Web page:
**Date:** Fri, 02 Mar 2012 17:20:04

**Author:** ---

**Subject:** Re: What "Math" Demos among the Physics Demos Do You Like?

**Post:**

You're right, I overlooked that. Replotting the results though

helped me to realize why this does not seem like a random

process. Flipping a coin or rolling dice are more familiar examples of

random processes. All outcomes are equally likely, so a plot of the

outcomes would be essentially a flat line. The time interval plot is

exponential. The article says that is expected but does not explain why...

Jerry

D

At 3/2/2012 09:59 AM, you wrote:

>Hi Jerry. The first number was *one* time bin... 0 to 1 us. The rest

>were the sum of twenty bins... 1us to 20 us, 21 us to 40 us.... Etc.

>

>George H.

>

>(I've been away at the APS show.)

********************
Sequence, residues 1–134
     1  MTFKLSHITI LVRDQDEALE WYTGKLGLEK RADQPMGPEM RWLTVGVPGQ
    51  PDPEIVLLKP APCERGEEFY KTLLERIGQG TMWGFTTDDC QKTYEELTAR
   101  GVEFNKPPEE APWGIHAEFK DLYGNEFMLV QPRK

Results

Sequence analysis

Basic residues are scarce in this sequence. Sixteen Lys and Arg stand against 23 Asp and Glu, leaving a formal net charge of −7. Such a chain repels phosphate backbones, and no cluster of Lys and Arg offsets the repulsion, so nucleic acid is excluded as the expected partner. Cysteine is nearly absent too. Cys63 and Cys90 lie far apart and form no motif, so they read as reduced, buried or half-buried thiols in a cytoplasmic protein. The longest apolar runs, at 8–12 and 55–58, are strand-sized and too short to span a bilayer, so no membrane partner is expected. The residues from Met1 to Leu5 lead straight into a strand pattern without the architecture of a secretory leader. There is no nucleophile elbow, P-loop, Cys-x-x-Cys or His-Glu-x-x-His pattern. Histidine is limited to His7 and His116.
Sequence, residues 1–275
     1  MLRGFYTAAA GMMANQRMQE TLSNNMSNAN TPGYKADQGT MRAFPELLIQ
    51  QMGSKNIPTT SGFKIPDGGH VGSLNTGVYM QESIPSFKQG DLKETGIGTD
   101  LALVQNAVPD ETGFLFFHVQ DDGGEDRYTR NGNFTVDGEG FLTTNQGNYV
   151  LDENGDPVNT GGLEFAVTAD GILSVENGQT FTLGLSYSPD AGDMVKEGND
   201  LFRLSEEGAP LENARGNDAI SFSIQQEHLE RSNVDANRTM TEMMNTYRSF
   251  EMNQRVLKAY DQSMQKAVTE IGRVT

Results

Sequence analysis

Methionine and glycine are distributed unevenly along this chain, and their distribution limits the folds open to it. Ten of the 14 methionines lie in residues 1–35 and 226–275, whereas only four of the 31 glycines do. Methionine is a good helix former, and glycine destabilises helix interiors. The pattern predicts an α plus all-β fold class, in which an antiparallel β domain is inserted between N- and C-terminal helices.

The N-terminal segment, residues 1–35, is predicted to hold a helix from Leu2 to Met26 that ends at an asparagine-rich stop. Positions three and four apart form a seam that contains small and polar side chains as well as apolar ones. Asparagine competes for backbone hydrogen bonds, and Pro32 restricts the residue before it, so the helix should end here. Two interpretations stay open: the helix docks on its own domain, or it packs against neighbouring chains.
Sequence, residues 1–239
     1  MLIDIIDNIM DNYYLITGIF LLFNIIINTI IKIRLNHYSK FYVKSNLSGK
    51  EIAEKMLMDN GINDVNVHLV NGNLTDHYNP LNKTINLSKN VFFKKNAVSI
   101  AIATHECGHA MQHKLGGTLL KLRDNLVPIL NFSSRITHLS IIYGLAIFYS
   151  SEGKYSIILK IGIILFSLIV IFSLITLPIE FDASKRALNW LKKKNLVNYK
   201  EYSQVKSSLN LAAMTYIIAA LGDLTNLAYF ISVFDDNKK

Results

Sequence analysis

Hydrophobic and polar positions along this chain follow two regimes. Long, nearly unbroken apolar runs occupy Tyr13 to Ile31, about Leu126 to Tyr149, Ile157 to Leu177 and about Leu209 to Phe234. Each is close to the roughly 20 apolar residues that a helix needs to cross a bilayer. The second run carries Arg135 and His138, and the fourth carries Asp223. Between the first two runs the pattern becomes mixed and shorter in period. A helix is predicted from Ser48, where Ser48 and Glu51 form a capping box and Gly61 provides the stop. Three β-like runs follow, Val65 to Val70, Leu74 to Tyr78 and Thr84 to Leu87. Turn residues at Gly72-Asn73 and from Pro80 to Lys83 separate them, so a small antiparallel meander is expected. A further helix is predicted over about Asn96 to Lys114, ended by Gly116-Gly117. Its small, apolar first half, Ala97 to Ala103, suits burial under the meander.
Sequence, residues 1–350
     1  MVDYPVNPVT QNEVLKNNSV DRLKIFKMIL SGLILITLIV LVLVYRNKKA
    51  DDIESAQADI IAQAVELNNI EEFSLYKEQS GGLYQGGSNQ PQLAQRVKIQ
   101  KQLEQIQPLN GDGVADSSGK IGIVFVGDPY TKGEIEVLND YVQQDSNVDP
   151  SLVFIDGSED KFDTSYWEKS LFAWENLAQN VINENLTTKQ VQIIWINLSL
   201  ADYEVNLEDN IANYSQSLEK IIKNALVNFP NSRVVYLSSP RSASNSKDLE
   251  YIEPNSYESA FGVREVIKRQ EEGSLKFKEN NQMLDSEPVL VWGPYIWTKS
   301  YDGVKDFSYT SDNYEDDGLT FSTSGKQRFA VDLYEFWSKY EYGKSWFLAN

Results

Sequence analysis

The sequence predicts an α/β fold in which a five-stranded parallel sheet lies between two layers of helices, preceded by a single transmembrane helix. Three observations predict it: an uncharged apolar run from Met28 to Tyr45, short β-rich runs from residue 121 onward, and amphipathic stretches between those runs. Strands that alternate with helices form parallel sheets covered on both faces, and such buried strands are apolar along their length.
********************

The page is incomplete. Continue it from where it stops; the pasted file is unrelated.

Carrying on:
>

> > -----Original Message-----

> > The meaning of the 2nd to last sentence is a little

> > difficult to understand. But if it is the case that the

> > shortest time is the most likely, then the data does not show

> > that by a long shot. The shortest time interval had only 12

> > counts, with a possibility of only a few more. Well below

> > the count in the next interval...

> >

> > Jerry D

> >

> > At 2/24/2012 07:54 AM, you wrote:

> > >The way I describe the physics of decay is that the

> > >decay is governed by a fixed probability per unit

> > >time that any particle will decay. It also applies to

> > >the time to the next pulse of any Poisson process.

> > >If the probability per unit time for decay or for some

> > >other Poisson event to happen is 10^3 per second, the mean

> > >lifetime or mean time to the next event is 1 ms.

> > >The probability of decay in the first microsecond

> > >would be approximately 10^-3 and if it hasn't decayed by then

> > >the probability would be the same for decay in the second

> > >microsecond, but the overall probability for it to happen in

> > >that second microsecond is 0.999 times smaller as that would be the

> > >probability it survives the first microsecond.

> > >Hence the shortest time is the most likely.

> > >

> > >Regards,

> > >Bob

> >